12. Vampyr

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Dontnod’s Vampyr has more in common with Remember Me, the studio’s first game, than Life Is Strange, its commercial and critical breakthrough. Like Remember Me, Vampyr is an ambitious, idiosyncratic oddity that doesn’t quite fit into any recognizable genre. It might not be as slick or smooth as the biggest action games or most popular franchises, but it has more personality and more spirit than most of them. It can feel faintly embarrassing one moment, and then do something unexpected and with surprising confidence just a few seconds later. There’s probably an equal chance that you’ll hate it or love it. In an industry that constantly obsesses on trends and often disrespects the taste and intelligence of its audience, Vampyr is another refreshing and anomalous cult game from Dontnod.—Garrett Martin


11. Assassin’s Creed Odyssey

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There is too much of a good thing. Assassin’s Creed Odyssey proves that. As a game it has a strong core of enjoyable action built upon a reliable and slightly upgraded foundation. As a story it’s an intriguing personal journey with good ideas but lackluster storytelling set against the backdrop of war between Sparta and Athens, with a strong, charismatic pair of leads making up for a lot of dull dialogue and meandering conversations. As an Assassin’s Creed it turns Origins from an outlier into the start of the new status quo, sacrificing a bit of its identity in order to bring it more in line with Ubisoft’s other open world games. It still captures much of what makes these games special, though, from the historical setting, to the dynamic action, to one of the few stealth combat systems that isn’t too slow or frustrating to enjoy. Embark on this journey with confidence, but be prepared to lose a lot of your free time along the way.—Garrett Martin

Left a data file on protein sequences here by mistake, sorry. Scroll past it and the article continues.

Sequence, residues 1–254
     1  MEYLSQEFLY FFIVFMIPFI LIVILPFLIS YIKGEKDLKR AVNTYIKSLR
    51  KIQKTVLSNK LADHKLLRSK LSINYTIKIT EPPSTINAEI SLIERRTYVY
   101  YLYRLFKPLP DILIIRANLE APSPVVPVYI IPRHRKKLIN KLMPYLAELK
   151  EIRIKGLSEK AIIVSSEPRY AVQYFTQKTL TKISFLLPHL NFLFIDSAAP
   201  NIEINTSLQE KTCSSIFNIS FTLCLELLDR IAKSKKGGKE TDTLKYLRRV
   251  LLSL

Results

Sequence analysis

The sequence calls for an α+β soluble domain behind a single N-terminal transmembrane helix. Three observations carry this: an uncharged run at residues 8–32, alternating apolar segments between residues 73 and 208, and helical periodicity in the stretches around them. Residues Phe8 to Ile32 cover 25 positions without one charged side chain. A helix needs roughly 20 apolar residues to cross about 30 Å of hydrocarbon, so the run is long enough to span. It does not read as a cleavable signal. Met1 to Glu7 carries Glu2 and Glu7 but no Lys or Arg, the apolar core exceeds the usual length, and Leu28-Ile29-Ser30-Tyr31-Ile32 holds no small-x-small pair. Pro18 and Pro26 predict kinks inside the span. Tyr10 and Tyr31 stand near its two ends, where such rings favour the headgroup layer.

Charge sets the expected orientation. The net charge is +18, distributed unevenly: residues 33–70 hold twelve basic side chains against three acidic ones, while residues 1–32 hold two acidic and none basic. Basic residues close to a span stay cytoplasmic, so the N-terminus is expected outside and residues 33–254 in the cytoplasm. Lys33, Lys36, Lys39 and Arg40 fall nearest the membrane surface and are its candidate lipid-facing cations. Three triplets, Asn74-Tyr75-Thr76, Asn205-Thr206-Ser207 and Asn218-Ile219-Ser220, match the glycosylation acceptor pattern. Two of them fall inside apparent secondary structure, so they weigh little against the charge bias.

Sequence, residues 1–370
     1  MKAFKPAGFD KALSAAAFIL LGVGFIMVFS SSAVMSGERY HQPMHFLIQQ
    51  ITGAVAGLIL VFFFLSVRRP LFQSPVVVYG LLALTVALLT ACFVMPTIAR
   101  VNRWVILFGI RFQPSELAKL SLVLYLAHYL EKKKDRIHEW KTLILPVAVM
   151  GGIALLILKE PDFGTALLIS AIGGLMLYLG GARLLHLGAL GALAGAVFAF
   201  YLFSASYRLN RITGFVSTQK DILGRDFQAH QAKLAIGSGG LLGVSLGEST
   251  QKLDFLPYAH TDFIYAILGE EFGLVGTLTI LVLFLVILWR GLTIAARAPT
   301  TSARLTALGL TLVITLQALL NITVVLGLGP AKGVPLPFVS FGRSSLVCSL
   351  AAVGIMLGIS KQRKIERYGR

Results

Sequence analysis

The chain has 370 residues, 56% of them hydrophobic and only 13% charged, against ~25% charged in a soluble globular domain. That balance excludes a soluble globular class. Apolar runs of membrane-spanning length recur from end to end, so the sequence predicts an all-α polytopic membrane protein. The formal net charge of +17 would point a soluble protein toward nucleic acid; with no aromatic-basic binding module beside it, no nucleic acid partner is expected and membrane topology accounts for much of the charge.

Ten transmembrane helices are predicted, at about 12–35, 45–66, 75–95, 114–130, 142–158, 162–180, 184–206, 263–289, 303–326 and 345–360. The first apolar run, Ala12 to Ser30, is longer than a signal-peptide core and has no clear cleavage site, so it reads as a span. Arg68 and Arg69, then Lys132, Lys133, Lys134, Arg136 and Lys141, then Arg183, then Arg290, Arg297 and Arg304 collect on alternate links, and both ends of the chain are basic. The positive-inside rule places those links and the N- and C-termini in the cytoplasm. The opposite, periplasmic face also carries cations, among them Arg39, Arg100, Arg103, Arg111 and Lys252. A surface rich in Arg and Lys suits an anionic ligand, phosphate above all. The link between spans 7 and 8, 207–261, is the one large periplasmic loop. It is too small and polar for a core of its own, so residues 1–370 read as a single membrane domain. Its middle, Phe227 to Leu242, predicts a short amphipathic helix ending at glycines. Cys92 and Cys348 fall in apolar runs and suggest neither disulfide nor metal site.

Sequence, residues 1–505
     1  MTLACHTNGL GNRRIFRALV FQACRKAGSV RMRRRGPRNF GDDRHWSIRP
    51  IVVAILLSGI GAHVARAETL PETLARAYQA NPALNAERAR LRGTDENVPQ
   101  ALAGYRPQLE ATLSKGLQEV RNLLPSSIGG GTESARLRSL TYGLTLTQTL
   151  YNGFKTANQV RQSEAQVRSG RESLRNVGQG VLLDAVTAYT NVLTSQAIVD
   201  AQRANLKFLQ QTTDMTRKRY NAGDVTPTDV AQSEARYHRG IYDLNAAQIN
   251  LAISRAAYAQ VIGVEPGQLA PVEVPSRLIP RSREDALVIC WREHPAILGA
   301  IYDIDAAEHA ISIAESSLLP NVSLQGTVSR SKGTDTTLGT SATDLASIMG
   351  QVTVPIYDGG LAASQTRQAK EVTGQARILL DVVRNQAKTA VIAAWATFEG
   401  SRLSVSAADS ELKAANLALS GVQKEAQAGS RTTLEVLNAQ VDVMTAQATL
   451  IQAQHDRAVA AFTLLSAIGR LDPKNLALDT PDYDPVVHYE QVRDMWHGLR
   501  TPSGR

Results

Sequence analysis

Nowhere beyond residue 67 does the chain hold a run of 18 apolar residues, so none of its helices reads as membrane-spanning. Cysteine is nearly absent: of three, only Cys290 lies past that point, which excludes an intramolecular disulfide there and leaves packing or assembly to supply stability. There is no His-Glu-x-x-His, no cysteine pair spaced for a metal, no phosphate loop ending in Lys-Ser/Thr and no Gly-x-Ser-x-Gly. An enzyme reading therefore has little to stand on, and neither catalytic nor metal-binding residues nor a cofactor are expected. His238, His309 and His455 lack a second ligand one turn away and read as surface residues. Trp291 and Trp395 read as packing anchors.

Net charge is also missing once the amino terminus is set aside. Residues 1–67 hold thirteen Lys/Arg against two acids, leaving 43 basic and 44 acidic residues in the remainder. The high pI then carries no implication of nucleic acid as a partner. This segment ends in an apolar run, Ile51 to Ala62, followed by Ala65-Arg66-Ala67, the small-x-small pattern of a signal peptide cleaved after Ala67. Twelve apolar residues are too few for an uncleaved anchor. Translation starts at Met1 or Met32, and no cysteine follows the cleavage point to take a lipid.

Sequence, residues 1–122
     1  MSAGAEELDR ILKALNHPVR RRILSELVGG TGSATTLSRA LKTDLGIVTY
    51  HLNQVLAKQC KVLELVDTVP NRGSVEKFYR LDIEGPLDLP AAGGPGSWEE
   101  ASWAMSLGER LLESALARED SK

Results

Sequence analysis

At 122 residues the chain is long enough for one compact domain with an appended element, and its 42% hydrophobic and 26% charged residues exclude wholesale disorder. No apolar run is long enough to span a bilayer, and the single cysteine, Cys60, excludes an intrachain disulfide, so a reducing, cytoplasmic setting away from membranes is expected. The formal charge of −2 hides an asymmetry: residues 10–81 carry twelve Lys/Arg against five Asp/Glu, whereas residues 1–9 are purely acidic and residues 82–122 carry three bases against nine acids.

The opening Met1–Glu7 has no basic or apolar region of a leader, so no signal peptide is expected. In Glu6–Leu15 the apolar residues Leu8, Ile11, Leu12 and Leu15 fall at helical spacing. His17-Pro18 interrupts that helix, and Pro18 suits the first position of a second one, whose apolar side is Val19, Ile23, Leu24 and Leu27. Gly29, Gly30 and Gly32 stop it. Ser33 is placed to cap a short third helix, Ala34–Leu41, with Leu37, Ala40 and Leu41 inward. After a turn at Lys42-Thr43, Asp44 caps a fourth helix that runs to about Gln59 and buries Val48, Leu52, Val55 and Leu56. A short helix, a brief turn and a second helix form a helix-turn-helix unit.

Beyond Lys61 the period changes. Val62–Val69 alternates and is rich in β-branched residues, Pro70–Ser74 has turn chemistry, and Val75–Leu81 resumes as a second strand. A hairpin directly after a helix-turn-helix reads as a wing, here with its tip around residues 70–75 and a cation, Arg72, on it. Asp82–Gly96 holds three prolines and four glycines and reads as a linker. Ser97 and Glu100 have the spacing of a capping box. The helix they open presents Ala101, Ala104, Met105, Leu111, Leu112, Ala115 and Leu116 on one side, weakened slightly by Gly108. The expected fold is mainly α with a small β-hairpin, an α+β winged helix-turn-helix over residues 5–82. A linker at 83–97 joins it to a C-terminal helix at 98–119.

10. Monster Hunter: World

The Monster Hunter series, as the title suggests, has primarily been about striking down massive beasts and using their remains to fashion new armor, weapons and food. While Monster Hunter: World certainly maintains that emphasis on killing giant beasts, the game also asks us to care about the monsters we slaughter, and understand our own hand in maintaining and destroying the ecological system.—Shonte Daniels


9. Dragon Ball FighterZ

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Dragon Ball FighterZ is both the fighting game and Dragon Ball spin-off I never realized I always wanted. The production values are better, and the narrative tension is vastly improved. Given how Dragon Ball FighterZ amps up the drama on existing Dragon Ball storylines, increases engagement by allowing the player to take dialogue sequences at their own pace, and puts a polished, beautiful spin on the old cartoon, this isn’t just my favorite Dragon Ball game. It’s my favorite Dragon Ball anything.—Holly Green


8. Hitman 2

Agent 47 returns with another round of multilayered and minutely detailed puzzle boxes for us to sneak and murder our way through, and as revelatory as 2016’s first go round for this reboot was, the sequel still comes out on top. Hitman 2 eschews the episodic nature of the first season, while still exploiting open world game concepts in a way that’s sprawling but still tightly compact and manageable. Solving its open-ended missions and variety of challenges can be a true test of your ingenuity, and one of the more satisfying times you’ll have with a game this year.—Garrett Martin